Saudi women law graduates on Tuesday expected a promise from Minister of Justice Muhammad bin Abdul Karim Al-Issa to give those licenses to start working as lawyers. Instead, he promised them they would be allowed to work at reconciliation offices without any mention of the actual practice of women lawyers at Saudi courts.
These women graduated from law and Shariah specializations at seven colleges and universities throughout the Kingdom that had started programs for women in 2008.
Al-Issa was answering a question from law graduate Bayan Zahran, who asked about the ministry’s efforts to enrol women law graduates into the ministry. “We have a huge project to initiate certified reconciliation offices. We are waiting for the system to be implemented, after which women will be able to work there to reduce the number of cases passed on to courts,” the minister said. “Some cases might need only a suggestion or consultation, and we expect these offices to solve the disputes, especially in personal affairs.”
After the minister’s answer, Zahran told Arab News those women graduates were still looking forward to being given the same chances as men. “We have studied the same thing and ask for the same rights. We absolutely don’t want to limit ourselves to women-only issues and consultations.”
Zahran added they were positive about this new decision, hoping these promises would be carried out soon. “The actual law does not exclude women from being lawyers. However, the lack of experience for women has resulted in this.”
Zahran, who graduated in 2008, has already worked on 50 cases on behalf of charity organizations. “A memo is usually directed to the president of the court I head to each time, and then I can do my job without problems.”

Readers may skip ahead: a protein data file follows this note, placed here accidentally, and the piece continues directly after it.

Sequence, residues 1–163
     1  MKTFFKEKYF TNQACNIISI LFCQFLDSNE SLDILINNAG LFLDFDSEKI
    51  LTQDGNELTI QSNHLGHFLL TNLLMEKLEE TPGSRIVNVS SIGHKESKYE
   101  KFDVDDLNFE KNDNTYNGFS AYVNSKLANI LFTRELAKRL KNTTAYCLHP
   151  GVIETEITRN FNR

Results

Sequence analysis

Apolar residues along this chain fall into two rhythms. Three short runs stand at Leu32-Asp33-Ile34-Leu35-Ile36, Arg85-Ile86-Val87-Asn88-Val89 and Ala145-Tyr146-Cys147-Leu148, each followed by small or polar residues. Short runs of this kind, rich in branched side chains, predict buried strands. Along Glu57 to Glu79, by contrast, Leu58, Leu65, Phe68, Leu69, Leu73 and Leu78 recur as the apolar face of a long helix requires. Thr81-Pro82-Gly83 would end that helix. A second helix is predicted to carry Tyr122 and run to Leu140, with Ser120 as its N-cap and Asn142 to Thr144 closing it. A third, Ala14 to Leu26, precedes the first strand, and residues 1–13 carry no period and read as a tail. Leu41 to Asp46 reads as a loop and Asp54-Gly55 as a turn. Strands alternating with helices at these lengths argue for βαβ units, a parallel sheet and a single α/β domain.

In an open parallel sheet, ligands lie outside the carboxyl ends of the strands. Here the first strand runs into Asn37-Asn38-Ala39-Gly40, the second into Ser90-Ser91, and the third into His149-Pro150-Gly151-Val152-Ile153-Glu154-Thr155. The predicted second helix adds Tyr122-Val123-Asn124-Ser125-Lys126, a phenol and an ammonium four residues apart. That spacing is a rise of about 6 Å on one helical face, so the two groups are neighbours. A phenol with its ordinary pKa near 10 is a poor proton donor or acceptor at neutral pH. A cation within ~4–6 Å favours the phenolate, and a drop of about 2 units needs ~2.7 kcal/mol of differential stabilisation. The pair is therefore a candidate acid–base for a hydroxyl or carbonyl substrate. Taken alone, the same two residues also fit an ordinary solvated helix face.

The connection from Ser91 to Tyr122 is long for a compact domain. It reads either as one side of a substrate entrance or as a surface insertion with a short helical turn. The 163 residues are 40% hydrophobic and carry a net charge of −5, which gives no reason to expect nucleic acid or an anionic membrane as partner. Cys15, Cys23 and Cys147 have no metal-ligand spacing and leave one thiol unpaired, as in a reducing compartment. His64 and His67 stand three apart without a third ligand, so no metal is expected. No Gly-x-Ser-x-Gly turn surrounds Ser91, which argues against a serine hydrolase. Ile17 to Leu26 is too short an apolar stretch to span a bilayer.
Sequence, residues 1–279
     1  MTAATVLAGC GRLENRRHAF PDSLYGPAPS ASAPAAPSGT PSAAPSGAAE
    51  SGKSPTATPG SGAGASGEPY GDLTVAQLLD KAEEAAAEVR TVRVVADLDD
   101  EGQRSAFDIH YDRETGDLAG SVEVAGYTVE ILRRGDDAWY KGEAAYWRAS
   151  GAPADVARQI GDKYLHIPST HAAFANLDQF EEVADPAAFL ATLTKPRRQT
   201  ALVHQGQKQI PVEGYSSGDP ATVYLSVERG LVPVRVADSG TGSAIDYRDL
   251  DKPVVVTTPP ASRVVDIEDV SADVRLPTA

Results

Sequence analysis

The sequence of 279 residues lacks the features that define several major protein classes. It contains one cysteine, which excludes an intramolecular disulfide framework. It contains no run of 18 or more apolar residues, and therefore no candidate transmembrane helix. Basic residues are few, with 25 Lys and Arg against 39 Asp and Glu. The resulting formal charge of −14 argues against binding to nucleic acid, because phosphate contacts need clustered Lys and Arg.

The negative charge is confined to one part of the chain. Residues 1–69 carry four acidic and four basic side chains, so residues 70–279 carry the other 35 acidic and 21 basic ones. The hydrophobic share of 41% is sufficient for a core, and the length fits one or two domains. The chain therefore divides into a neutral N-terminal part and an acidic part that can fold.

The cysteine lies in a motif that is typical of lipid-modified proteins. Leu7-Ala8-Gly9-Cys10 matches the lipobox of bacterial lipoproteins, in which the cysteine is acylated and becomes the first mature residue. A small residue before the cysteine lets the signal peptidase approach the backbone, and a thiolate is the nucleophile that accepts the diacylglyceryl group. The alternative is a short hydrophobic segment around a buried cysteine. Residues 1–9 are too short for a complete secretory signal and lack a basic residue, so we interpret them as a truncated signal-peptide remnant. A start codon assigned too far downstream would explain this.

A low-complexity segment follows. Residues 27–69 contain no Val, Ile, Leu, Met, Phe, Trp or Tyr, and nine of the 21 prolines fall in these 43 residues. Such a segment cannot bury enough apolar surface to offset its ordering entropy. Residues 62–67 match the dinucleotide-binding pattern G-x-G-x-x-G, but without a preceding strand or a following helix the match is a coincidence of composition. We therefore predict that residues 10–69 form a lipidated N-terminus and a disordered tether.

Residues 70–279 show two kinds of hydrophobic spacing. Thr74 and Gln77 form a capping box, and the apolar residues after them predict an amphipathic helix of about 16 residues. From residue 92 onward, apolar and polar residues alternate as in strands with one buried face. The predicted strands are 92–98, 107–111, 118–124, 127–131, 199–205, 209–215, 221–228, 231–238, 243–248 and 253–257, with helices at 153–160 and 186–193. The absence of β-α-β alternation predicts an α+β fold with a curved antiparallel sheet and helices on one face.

The minister sat for an open discussion with lawyers at the Seventh Lawyers Meeting organized by the National Lawyers Committee of the Jeddah Chamber of Commerce and Industry.
He stressed that lawyers were independent and would do their work with no interference, but he was not aware of any lawyer that never got interfered in his work by anyone. “No one would accept that each lawyer would do whatever [he wants],” he explained.
Al-Issa described lawyers as being “main partners in achieving justice,” adding that the Kingdom paid attention to them. “Our efforts have been recognized and appreciated locally and internationally. Implementation of Shariah law has been totally effective,” he added.
Al-Issa told a lawyer from Madinah, who asked for halls for lawyers at courts, that they would have these halls in their new projects, and told him that they considered all complaints from lawyers and respected them.
Shahad Al-Ghamdi, a member of the Youth Lawyers Union, attended the open discussion out of interest. She said they had created a union, comprising both men and women, to increase awareness among graduates on the law domain and help build communication skills.
“We hold 12 meetings a year and make simulate a court, in which the members practice what could take place in a real courts. Then, actual lawyers would evaluate the performance of the members. The 60 members in the union are working under the umbrella of Dar Al-Hekma College and got training at Dalla Academy for Volunteer Works,” Al-Ghamdi commented.
JCCI President Saleh Kamel called on the need to moderate the sector by only allowing authorized lawyers to do the job in an organized manner. “It is time for people who claim to be lawyers to disappear.”
Majed Garoub called on the creation of the Saudi Lawyers Commission, which the minister said “will see light soon.” Garoub added that they thanked the king for the new project to develop the judicial system: “It will benefit Saudis, expatriates, visitors and pilgrims.”
Garoub added they called for the modification of the lawyers system in order to achieve its goals, urging all government bodies to deal with lawyers only.